Content Marketing and Social Media Food For Thought
Think you’re a marketer merchandising a non-media product or service? Think again. In today’s content marketing driven, social media world, you’re a digital media entity. Extending beyond your organization’s website, emailing and other communications, your media empire includes blogs, photographs, video, presentations and other content whether you own them or not.
Like the original Mad Men, you must convey your product’s message. But now you’re competing with other brands, media entities and consumers for your target market’s attention. To breakthrough with your point of view, you must think differently about your brand, consumers, and media.
While the concept of corporate driven content marketing isn’t new, companies are just learning how to use it effectively as social media options continue to expand. To put today’s dynamic digital media landscape in perspective, look at the food vertical where Kraft Foods, which ranks third with 9.2 million unique visitors in the US during March 2012, from all sources, according to Nielsen, follows top sites Allrecipes and Food Network which are owned by media companies. Notably missing from the list are traditional media names like Gourmet.
What does this mean for marketers? Your marketing investment must develop a branded content experience on your media platform to drive prospects and sales. While every business doesn’t have the level of Kraft’s resources, you can invest in creating effective content marketing to drive results across a variety of social media platforms.
- Know your target audience. As your firm’s public face, your audience extends beyond current customers to include all potential product users, distributors, employees, investors, the media, the government (particularly if your product is a regulated one,) the local community, and the public. To help understand how these prospective readers consume content, create marketing personas.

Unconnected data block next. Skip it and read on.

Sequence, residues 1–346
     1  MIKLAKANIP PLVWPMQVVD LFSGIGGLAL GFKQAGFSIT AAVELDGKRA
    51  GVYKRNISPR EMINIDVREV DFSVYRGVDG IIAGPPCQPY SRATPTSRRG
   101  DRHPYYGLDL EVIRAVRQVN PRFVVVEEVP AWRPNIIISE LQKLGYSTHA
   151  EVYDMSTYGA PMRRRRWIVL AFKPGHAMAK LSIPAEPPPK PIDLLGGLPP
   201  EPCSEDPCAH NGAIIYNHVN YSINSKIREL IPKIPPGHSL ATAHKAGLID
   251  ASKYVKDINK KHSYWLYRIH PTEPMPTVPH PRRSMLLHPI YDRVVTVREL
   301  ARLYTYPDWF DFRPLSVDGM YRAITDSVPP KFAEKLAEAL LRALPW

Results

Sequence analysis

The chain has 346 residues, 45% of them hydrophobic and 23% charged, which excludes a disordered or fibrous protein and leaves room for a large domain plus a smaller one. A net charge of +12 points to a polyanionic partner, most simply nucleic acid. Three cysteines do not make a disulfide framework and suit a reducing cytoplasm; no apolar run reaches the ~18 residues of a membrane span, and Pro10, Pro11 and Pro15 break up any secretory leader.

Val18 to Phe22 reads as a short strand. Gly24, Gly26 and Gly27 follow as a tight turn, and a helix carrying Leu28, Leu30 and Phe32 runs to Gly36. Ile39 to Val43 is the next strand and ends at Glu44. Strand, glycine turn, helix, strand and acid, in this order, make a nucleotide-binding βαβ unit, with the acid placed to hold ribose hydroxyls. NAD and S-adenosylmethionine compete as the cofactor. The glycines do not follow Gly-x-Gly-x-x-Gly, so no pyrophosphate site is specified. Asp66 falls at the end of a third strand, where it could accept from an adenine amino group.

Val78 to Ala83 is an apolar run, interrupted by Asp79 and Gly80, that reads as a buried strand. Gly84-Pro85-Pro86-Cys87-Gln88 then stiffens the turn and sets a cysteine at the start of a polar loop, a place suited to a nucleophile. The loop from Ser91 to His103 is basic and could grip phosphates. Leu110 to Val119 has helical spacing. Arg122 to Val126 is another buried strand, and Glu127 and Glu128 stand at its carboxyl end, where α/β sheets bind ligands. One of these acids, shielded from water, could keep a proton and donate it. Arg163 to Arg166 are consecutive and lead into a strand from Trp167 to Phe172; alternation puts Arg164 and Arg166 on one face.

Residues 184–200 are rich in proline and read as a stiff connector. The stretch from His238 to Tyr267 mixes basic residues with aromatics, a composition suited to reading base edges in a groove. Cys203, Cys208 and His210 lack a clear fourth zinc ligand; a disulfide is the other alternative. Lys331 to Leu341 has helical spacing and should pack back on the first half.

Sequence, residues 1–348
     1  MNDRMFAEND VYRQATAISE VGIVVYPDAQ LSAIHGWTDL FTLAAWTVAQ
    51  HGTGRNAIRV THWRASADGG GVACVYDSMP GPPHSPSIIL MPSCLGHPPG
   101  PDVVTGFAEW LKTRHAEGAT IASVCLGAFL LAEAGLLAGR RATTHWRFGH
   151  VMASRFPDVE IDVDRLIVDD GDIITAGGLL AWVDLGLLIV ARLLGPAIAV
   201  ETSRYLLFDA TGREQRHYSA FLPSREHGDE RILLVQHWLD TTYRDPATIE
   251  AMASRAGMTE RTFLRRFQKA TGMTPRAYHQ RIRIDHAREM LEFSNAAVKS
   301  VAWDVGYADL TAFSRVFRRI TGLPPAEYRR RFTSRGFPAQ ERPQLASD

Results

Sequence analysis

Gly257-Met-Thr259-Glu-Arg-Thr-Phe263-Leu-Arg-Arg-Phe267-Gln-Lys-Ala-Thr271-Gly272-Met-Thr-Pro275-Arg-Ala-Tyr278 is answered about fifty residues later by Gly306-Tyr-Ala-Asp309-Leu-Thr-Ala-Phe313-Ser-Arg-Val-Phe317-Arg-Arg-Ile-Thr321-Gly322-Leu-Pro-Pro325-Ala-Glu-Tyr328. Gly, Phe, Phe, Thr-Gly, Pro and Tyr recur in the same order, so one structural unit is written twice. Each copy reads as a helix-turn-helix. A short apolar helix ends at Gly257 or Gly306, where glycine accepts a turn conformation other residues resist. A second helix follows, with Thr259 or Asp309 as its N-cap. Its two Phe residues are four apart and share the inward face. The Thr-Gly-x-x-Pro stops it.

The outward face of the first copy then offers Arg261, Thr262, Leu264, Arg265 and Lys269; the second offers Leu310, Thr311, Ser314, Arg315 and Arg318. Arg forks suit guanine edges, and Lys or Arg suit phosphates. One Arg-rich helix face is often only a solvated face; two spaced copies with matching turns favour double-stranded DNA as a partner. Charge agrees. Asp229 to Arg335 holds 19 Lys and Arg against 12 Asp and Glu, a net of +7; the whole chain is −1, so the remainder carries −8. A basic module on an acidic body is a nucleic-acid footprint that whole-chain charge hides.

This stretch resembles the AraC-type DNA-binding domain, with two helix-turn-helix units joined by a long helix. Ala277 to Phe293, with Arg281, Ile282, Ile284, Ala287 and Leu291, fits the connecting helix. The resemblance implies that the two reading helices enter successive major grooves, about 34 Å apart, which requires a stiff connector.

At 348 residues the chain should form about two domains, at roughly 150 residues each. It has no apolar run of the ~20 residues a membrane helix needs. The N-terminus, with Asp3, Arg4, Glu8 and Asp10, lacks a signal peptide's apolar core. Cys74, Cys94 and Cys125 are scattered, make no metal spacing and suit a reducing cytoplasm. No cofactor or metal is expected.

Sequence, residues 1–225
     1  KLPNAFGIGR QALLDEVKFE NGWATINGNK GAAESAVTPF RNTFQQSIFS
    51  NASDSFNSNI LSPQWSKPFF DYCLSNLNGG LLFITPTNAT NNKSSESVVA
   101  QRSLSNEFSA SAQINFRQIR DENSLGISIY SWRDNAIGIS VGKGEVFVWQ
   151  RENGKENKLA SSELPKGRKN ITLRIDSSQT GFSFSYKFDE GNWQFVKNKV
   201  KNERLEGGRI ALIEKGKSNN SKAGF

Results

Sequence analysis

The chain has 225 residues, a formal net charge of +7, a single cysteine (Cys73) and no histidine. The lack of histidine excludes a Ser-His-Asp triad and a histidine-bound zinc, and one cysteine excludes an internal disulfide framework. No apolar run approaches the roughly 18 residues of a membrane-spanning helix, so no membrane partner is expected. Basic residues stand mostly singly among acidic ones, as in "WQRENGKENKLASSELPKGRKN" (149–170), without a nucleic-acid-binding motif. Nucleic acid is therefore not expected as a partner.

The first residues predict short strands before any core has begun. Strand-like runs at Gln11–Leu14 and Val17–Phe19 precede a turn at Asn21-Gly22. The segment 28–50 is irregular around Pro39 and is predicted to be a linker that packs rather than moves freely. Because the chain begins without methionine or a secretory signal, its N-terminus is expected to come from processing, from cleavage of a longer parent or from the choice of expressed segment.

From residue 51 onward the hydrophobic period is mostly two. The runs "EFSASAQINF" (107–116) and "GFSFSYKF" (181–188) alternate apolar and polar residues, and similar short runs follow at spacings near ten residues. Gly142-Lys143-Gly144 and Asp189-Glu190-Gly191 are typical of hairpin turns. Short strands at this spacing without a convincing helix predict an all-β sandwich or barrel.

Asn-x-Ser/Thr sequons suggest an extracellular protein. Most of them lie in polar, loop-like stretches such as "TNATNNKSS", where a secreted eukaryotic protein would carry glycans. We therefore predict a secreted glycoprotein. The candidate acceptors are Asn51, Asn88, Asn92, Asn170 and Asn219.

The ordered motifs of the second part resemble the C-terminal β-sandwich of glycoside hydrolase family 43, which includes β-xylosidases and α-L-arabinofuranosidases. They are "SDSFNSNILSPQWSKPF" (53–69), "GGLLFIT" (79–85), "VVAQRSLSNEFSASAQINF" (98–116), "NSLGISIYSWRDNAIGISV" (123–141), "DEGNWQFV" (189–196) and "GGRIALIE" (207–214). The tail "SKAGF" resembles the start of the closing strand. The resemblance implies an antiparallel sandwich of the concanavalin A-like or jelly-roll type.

- Develop a hook for compelling content. Create a set of hooks to lure readers in. Use fun ways to attract your readers. For food companies this often translates to recipes. Consider what works for your company and brand. Don’t assume that it has to be Pulitzer Prize winning novels. It has to be fun and attention-getting. Use an editorial calendar.
- Expand your brand across the senses. While your organization probably has a set of brand guidelines, you’ll need to ensure you know how your brand must be presented in your content. Think in terms of language, people representing the brand, clothes, and other elements that support your brand.
- Engage with readers. This encompasses a combination of getting readers to share your content with their social connections as well as contributing to your content. To extend your reach include social sharing with the icons most relevant to your audience. Also offer email and RSS options. Encourage readers to contribute to your content in the form of photographs, comments and articles. Remember that most readers won’t take any action and the rest will likely do something small and low risk like sharing an article.
- Build your readership. The drawback of not using an established media entity is that you must develop a readership on your own. To this end, take a guerilla marketing approach to build your reader base. Don’t under estimate other corporate assets. Of course, advertising is an option.
As a marketer you need to evolve with the market, especially in terms of content marketing and social media.
What other suggestions do you have for creating amazing integrated social media?
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Photo credit: http://www.flickr.com/photos/mustafakhayat/6580304127